Let’s put equal emphasis on the problem. Spending equal time in the problem space generates rich understanding. Understanding the depths, perspectives, horizons, and histories of the way people achieve their purposes opens up loads more opportunities. We can begin making solutions that eschew “engagement” to truly support different people in different ways.
The problem space deserves more attention and a slow cycle all of its own.

Indi Young is a speaker, writer, and UX researcher. She empowers makers to know their problem space, and create inspired product designs through empathy and deep understanding of peoples' purposes and variety of approaches. She is the author of two books, the design classic Mental Models and the newly released Practical Empathy. Her online courses, training, and personal coaching bring empathy to the designer's table, building knowledge of users' needs that goes beyond the data. Indi is also a founding partner of the UX pioneers Adaptive Path (acquired by CapitalOne).

The Early Adopter price is about to end. Save €100 and get your tickets before December 20!

Get tickets for FBTB2020!

Melissa Perri joins FBTB2020!

Johan Berndtsson

Yes! The author of "Escaping the Build Trap" and CEO of Produx Labs is one of the stellar speakers at From Business to Buttons 2020. Melissa Perri, welcome!

Product Management is a critical discipline, but it’s widely misunderstood nature leads many organizations straight into “The Build Trap.” These organizations are so focused on building and shipping software that they forget to ask the core question behind great Product Management – are we building a valuable product?   

Companies often turn to Agile processes like Scrum in the hopes that these frameworks will help them ship better software. But this often demotes Product Managers into the role of order takers, much like waiters in a restaurant. Instead of determining what features or products will help reach company goals, they reluctantly turn their attention to filling backlogs and keeping developers busy.  

When companies fall into The Build Trap, they miss out on creating products that actually produce value for their customers and further their business objectives.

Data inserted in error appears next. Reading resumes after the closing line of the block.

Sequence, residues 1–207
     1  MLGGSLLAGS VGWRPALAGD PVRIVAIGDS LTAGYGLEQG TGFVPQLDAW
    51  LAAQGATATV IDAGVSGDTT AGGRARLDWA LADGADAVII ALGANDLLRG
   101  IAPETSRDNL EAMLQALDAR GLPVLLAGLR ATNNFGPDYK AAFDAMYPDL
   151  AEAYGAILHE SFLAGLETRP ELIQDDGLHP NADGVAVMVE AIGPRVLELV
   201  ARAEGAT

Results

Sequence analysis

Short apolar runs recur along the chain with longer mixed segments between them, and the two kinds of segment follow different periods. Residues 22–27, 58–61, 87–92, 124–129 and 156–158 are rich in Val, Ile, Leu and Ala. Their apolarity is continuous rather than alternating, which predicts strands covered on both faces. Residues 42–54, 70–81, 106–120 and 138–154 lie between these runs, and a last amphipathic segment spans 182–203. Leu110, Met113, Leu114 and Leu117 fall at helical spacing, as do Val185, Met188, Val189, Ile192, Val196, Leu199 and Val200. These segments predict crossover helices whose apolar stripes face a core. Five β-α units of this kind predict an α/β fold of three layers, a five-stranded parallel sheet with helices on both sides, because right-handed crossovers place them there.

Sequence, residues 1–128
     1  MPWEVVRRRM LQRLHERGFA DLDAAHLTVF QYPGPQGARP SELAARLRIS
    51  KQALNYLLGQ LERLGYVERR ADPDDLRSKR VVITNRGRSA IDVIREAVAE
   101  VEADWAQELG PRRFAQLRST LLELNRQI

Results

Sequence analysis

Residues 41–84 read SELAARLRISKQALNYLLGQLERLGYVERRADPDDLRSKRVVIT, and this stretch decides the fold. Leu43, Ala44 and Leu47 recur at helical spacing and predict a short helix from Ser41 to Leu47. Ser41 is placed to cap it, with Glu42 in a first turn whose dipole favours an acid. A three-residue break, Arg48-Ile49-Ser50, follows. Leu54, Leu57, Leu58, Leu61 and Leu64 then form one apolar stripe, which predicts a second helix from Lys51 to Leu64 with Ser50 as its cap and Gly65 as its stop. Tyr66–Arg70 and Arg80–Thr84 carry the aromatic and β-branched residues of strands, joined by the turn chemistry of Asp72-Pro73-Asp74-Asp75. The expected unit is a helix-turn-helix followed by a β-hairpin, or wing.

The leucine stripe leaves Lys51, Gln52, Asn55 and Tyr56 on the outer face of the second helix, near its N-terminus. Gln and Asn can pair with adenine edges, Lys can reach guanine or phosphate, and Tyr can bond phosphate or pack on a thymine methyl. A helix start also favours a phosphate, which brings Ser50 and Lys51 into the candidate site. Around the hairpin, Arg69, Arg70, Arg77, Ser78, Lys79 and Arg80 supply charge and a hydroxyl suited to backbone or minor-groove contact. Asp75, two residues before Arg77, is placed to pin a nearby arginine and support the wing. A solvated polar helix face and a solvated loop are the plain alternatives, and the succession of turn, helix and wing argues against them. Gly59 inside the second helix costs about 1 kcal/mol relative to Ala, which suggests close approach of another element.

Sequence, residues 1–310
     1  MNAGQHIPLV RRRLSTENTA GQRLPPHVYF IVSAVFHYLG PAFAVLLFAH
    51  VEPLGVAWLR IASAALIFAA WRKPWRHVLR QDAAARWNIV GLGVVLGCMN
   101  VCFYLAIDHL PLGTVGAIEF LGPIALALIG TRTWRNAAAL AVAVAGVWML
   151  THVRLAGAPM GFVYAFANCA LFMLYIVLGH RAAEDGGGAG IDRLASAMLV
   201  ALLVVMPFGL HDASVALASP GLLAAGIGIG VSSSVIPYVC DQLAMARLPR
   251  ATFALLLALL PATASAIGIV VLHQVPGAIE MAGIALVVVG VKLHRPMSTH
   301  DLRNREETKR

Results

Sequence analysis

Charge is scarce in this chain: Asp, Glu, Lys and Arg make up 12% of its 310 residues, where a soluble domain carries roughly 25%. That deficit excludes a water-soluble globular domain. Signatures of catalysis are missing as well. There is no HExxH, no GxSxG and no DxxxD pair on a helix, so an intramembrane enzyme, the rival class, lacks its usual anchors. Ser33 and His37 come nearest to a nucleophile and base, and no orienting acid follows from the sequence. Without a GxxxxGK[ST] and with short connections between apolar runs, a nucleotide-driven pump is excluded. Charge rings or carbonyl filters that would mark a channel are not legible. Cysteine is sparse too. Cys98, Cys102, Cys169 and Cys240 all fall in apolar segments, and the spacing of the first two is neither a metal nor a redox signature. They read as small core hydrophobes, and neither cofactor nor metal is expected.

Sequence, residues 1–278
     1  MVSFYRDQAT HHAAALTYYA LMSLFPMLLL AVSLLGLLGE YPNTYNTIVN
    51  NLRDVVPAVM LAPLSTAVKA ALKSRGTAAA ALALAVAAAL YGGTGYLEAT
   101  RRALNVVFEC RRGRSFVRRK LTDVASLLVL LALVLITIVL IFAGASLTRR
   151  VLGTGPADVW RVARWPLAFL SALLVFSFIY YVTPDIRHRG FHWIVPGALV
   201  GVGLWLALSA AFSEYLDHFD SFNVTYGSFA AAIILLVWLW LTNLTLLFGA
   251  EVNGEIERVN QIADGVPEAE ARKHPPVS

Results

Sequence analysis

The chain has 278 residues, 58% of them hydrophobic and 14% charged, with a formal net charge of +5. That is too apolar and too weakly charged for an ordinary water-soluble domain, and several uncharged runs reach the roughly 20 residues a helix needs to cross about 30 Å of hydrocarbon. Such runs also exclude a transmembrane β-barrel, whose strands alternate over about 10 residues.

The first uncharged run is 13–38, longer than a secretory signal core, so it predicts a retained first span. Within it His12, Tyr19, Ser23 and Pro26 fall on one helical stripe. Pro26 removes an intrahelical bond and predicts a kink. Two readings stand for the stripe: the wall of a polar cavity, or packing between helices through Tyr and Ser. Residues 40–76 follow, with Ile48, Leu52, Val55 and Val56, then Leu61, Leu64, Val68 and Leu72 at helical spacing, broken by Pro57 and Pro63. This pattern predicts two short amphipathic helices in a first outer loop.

We need to break out of an endless cycle of building and shipping, and refocus on only creating products of value. Product Managers have to become “Bad Idea Terminators,” able to identify the strongest opportunities for success. 

Melissa Perri is a product management educator, author, speaker, and consultant. She believes the key to creating great products is growing great product leaders

Committed to that mission, she created the online school Product Institute, where she has shared her scientific approach to Product Management with over 3,500 students. Seeing an opportunity to help executives understand the value of Product Management, she wrote the book Escaping the Build Trap: How Effective Product Management Creates Real Value, with O’Reilly Media. In 2014, she wrote the Product Management curriculum for General Assembly’s part-time Product Management course, being used worldwide today. In 2019, she started a program to train the next generation of Chief Product Officers with Insight Partners and their 150 portfolio companies. Also, Melissa was recently appointed to the faculty of Harvard Business School to teach Product Management in the MBA program.

As the CEO of Produx Labs, Melissa runs a team of consultants who work with executives worldwide to set up their product organizations, advise on product strategy, and train leaders and team members. Their clients include Capital One, Lloyds Bank of England, Spotify, Liberty Mutual, Bynder, AthenaHealth, the Australian Defence Department, and Chewy. Prior to her current position, Melissa was a Product Manager and UX Designer at Capital IQ, Barclays Capital, OpenSky, and Conductor. 

Meet Melissa at From Business to Buttons 2020!

Get tickets for FBTB2020!